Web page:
Sir Jeremy said it was time for the government to make "difficult choices".

"Either invest fully in our military or recognise that proper prioritisation of warfighting will mean less availability for other tasks," he said.

"We need to be strategic about the resources we have, including how to maintain and replenish stockpiles, and consider how to ensure that equipment - even after retirement - does not go to waste."

And speaking to Sky News, Sir Jeremy said the question posed by the report is whether the UK is "doing the training, maintaining the retention of our skilled personnel and do we have the stocks and future replenishment that we would need in the worst kind of conventional conflict" alongside its current commitments.

Sir Jeremy said: "That's a peer-on-peer, high intensity, prolonged warfare in Europe.

"There are real questions that need to be addressed."

The Defence Committee, which is appointed by the House of Commons to examine the MoD, also took aim at an "unacceptable... lack of government transparency" during its inquiry.

"Key information that was readily available a decade ago is no longer published for reasons that are unclear, and the government has taken excessive time to respond to our requests for information," it said.

Speaking to Sunday Morning With Trevor Phillips, Education Secretary Gillian Keegan said more than £50bn was being spent on defence to "ensure we have the operational capabilities" for things like NATO missions, support for Ukraine or missions in the Red Sea.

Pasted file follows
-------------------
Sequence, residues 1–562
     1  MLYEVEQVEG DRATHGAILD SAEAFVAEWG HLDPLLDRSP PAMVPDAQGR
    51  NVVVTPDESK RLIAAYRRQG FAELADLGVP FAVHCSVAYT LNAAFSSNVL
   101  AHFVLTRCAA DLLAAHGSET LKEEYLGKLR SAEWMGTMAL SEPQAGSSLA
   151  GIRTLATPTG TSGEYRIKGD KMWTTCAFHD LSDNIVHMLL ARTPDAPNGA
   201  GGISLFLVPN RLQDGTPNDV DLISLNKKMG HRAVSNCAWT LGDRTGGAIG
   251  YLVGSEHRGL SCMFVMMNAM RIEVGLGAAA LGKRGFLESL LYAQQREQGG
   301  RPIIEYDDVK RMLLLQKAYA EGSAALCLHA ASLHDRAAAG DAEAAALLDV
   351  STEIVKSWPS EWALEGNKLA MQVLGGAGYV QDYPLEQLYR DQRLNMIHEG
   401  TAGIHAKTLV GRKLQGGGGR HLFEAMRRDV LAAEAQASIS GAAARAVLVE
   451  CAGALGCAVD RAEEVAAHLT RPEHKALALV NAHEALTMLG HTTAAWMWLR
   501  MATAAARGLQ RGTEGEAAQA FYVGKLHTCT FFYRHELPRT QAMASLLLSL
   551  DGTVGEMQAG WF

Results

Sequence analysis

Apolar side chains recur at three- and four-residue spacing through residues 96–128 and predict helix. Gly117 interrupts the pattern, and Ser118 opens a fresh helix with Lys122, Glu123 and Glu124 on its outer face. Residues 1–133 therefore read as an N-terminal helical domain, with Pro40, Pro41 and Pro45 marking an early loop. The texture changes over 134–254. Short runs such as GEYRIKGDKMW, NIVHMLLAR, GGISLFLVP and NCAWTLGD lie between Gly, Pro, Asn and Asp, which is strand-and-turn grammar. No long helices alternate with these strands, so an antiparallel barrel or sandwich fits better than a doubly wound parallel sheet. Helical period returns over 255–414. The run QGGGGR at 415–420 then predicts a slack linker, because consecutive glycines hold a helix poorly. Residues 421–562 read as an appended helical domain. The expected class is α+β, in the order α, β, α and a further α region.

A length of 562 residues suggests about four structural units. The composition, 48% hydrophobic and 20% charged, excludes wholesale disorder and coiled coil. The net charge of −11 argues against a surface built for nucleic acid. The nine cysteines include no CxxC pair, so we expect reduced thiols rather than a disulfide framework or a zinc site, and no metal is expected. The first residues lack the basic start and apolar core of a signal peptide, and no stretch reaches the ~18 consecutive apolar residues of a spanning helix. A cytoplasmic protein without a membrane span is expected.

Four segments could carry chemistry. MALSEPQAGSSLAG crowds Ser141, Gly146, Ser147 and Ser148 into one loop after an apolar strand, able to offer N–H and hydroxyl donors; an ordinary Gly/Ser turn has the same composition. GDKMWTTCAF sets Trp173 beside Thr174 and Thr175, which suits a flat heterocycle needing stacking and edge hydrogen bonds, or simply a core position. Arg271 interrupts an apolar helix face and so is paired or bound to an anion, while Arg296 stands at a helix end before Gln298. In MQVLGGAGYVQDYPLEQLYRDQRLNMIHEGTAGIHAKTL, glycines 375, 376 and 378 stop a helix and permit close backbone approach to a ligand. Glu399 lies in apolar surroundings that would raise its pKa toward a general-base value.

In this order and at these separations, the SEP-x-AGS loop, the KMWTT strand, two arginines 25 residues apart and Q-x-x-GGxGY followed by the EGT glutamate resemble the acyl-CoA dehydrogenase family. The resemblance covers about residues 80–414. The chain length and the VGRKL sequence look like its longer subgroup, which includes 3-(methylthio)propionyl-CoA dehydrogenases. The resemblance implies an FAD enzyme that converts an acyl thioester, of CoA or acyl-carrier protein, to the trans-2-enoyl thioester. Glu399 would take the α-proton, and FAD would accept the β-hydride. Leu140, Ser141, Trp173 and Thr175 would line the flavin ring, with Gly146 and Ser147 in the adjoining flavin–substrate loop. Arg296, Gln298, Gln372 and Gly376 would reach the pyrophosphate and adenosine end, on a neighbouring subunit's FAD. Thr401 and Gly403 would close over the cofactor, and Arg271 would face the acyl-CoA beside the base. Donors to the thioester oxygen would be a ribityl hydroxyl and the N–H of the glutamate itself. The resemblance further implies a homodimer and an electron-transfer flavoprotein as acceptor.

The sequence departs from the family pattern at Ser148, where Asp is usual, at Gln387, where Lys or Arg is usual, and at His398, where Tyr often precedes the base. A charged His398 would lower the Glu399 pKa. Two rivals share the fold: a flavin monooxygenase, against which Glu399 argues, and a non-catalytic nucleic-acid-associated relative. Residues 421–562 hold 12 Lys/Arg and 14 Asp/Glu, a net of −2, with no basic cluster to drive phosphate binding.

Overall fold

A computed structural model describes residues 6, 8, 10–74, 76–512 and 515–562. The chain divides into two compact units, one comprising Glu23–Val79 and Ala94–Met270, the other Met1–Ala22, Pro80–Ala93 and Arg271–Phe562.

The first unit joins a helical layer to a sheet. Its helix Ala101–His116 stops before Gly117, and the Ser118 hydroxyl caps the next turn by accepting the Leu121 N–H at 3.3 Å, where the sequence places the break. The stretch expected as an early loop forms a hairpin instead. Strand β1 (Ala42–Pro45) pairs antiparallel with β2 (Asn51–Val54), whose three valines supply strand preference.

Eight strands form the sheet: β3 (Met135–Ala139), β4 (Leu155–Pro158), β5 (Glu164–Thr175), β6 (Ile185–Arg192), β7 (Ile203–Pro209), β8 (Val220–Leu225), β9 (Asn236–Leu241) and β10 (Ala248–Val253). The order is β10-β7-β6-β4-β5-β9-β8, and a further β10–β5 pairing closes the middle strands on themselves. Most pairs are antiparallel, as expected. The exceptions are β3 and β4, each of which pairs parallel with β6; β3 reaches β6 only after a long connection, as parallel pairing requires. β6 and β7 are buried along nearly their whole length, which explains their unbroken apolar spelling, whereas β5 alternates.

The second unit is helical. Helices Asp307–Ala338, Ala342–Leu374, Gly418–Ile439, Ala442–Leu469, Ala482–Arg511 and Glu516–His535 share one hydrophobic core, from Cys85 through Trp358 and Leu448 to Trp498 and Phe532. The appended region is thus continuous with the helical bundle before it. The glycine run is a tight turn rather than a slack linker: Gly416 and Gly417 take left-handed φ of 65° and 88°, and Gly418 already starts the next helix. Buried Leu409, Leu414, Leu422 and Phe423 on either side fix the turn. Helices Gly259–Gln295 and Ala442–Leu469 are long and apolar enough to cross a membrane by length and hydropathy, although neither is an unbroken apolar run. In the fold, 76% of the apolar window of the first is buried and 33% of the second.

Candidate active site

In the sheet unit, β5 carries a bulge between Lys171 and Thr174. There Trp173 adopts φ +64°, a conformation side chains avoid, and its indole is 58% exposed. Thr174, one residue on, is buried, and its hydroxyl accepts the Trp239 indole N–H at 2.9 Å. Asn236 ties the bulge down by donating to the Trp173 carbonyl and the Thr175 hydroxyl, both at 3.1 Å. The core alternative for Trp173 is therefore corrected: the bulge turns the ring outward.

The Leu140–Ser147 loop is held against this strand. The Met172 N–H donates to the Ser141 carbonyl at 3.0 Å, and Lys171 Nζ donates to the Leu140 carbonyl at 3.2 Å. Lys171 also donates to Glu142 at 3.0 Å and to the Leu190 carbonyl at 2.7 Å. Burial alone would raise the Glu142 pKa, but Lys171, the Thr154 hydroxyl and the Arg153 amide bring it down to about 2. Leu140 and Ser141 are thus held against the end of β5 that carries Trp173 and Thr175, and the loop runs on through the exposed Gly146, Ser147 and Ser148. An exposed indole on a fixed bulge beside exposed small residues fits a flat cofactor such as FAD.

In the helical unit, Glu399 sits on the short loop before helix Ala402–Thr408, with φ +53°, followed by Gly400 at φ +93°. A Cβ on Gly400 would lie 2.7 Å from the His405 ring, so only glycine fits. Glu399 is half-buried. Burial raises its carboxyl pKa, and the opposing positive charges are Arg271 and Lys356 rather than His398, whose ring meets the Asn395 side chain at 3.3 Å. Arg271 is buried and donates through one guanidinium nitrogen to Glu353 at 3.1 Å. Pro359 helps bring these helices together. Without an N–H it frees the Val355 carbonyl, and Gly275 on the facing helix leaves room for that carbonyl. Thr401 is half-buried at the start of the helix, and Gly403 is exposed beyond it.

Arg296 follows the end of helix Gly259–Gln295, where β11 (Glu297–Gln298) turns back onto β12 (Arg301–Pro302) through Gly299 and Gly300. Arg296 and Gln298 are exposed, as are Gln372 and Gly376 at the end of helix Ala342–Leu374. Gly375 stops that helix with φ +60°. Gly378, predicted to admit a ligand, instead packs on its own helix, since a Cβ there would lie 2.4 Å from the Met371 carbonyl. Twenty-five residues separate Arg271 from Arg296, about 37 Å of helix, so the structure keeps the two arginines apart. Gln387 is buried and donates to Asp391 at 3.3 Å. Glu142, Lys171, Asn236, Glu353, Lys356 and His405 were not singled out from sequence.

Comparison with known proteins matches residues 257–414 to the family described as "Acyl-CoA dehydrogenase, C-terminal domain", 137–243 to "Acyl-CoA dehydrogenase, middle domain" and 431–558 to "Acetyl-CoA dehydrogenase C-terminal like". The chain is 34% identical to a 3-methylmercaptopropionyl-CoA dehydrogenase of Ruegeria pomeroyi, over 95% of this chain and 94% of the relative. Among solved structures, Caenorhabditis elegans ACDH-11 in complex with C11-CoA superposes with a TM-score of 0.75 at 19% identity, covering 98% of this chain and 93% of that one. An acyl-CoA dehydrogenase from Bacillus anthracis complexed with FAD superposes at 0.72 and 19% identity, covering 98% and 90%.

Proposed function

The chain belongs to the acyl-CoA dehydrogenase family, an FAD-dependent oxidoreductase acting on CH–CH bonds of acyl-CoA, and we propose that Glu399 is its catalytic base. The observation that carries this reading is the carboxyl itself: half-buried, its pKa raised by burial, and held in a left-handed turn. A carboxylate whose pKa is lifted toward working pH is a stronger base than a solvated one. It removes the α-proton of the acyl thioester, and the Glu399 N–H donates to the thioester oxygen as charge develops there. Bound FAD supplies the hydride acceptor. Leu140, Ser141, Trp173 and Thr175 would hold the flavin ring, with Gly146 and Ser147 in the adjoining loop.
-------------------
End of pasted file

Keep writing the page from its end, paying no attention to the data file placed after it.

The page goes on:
She added: "Our armed forces are ready to be there to conduct whatever it is that is required.

"And they've shown time and time again, you know, how well they do that and what a vital part of global order they play."

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A spokesperson for the Ministry of Defence said: "Our armed forces are always ready to protect and defend the UK, and we continue to meet all operational commitments, including participating in every single NATO mission, supporting Ukraine, and tackling Houthi attacks on shipping in the Red Sea.

"We are spending more than £50 billion on defence this year alone, and have significantly increased our spending on defence equipment to £288.6 billion over the next decade, including investing in deepening our stockpiles and bringing in new tanks, fighter jets and warships.

"We have been clear that increasing recruitment and improving retention across the services is a top priority, including through ensuring improved career opportunities and making it easier for people to re-join the forces, on top of the largest pay increase in more than 20 years."

On HMS Queen Elizabeth, fleet commander Vice Admiral Andrew Burns said: "Routine pre-sailing checks yesterday identified an issue with a coupling on HMS Queen Elizabeth's starboard propeller shaft. As such, the ship will not sail on Sunday.

"HMS Prince of Wales will take her place on NATO duties and will set sail for exercise steadfast defender as soon as possible."